Howard Marks

Network Computing Blogger


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Where the Cloud Touches Down: Simplifying Data Center Infrastructure Management

Thursday, July 25, 2013
10:00 AM PT/1:00 PM ET

In most data centers, DCIM rests on a shaky foundation of manual record keeping and scattered documentation. OpManager replaces data center documentation with a single repository for data, QRCodes for asset tracking, accurate 3D mapping of asset locations, and a configuration management database (CMDB). In this webcast, sponsored by ManageEngine, you will see how a real-world datacenter mapping stored in racktables gets imported into OpManager, which then provides a 3D visualization of where assets actually are. You'll also see how the QR Code generator helps you make the link between real assets and the monitoring world, and how the layered CMDB provides a single point of view for all your configuration data.

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A Network Computing Webinar:
SDN First Steps

Thursday, August 8, 2013
11:00 AM PT / 2:00 PM ET

This webinar will help attendees understand the overall concept of SDN and its benefits, describe the different conceptual approaches to SDN, and examine the various technologies, both proprietary and open source, that are emerging. It will also help users decide whether SDN makes sense in their environment, and outline the first steps IT can take for testing SDN technologies.

Register Now!

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Commvault Turns Snapshots Into 'Proper' Backups

As we discussed a few weeks ago, you can certainly argue that snapshots, when combined with replication, could serve as an adequate backup system. My biggest objection was that snapshots lack the catalog that conventional backup applications build as they back up data.  Commvault's SnapProtect fills that gap by providing catalogs and a management console for snapshots across a variety of arrays and other snapshot providers.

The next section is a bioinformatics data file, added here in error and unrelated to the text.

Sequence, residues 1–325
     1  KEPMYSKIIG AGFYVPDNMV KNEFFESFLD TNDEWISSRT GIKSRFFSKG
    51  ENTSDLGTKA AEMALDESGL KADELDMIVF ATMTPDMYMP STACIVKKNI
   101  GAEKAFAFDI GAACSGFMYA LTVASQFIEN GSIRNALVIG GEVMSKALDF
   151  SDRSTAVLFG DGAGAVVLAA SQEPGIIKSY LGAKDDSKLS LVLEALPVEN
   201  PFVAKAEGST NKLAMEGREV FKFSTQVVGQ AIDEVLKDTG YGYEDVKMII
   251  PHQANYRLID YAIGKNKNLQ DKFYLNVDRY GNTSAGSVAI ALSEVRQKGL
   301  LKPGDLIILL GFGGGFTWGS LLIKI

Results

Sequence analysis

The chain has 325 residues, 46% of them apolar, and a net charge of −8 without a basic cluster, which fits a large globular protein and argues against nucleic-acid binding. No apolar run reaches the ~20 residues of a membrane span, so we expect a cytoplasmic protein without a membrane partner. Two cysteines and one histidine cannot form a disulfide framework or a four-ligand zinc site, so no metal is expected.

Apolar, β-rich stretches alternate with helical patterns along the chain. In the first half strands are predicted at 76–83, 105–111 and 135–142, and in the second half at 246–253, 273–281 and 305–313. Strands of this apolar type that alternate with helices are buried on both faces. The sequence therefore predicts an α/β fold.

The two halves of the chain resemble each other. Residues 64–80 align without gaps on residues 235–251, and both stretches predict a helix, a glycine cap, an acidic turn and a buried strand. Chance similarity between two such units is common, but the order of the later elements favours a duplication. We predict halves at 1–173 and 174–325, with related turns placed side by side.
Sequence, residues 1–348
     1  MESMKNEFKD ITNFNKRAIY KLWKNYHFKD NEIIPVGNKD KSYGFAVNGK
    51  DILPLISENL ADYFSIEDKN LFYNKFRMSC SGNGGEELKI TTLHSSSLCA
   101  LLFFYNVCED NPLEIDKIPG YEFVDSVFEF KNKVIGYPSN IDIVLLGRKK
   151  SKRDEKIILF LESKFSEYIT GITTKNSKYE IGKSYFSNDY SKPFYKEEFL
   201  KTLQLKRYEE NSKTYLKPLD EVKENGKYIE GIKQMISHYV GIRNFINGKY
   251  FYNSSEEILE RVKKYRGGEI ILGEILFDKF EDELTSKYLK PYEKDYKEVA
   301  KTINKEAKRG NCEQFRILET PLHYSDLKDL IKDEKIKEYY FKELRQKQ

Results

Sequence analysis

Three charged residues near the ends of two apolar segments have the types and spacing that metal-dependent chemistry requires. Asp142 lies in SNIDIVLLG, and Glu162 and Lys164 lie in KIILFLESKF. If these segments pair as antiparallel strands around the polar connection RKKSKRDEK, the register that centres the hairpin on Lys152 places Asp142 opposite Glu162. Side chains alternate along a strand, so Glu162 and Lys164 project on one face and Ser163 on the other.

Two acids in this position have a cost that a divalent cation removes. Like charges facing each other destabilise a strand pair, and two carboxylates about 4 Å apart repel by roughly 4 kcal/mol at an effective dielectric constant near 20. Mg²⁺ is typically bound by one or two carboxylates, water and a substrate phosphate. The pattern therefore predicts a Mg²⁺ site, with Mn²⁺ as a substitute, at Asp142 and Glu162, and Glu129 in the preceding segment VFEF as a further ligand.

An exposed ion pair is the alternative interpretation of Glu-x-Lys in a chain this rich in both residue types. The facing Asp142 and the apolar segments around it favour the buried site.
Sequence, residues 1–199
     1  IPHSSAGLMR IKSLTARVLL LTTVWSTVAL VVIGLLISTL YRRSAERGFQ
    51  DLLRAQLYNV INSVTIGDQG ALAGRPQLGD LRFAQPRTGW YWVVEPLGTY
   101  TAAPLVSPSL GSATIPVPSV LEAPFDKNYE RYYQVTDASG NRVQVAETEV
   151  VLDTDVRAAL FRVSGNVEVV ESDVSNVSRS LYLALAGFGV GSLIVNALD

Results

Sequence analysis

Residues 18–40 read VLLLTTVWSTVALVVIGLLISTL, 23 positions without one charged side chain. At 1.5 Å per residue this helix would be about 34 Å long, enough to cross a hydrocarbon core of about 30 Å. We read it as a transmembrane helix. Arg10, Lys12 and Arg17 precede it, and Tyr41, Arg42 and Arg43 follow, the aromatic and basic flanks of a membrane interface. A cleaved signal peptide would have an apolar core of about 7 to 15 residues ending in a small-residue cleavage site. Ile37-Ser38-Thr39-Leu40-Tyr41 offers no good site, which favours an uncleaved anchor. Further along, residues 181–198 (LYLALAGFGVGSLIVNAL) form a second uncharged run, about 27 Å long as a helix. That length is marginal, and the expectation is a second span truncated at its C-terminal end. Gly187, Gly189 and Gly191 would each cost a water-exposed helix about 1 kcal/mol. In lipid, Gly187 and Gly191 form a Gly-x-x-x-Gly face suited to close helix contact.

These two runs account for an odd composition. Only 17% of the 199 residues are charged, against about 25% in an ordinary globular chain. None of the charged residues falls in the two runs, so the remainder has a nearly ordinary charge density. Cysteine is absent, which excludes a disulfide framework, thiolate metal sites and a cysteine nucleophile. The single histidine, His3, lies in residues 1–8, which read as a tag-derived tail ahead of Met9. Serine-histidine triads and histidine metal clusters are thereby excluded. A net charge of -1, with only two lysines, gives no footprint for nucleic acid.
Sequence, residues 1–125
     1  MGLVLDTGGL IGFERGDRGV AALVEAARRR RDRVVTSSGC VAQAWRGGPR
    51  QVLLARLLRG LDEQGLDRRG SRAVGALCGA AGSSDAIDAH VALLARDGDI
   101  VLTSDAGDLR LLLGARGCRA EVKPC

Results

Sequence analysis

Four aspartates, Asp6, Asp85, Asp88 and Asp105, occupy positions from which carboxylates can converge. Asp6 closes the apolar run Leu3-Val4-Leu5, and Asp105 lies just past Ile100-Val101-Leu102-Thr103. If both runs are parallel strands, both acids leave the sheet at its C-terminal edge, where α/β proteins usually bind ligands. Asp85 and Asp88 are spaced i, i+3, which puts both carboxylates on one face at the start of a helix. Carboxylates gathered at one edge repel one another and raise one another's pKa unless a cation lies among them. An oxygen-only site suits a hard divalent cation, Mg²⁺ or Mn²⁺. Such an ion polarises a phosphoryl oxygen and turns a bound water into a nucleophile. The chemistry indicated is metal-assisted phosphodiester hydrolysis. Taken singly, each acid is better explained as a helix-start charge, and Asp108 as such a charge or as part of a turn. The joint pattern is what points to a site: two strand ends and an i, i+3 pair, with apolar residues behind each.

SnapProtect integrates Commvault's Simpana backup with the snapshot capabilities of most midrange and enterprise disk arrays or even CommVault's own software provider. With SnapProtect, you can schedule snapshots through the Simpana backup console.

When your backup schedule calls for a snapshot, Simpana calls the Commvault VSS provider, for Windows servers, and the snapshot API for your disk array to create an application consistent snapshot. Application consistent snaps are also supported for Oracle and on several Linux distributions and Unix flavors with the usual scripting.

The Simpana backup server then mounts the snapshot, runs the database integrity check you may have specified and catalogs the snapshot. From that point on, you can restore files, or Exchange objects like e-mail messages, through the Simpana console from the snapshot just as if it were a conventional backup but without having to actually copy the data off your disk array.   

When you decide to actually copy your data off your primary array for longer-term retention, Simpana backup with SnapProtect can use any of the snapshots you've created as its data source. Like VMware vStorage API backups, this process offloads the backup load from the source server and your data center LAN since the Simpana media server mounts the snapshot across the SAN and copies the data to whatever backup repository you decide to use.  


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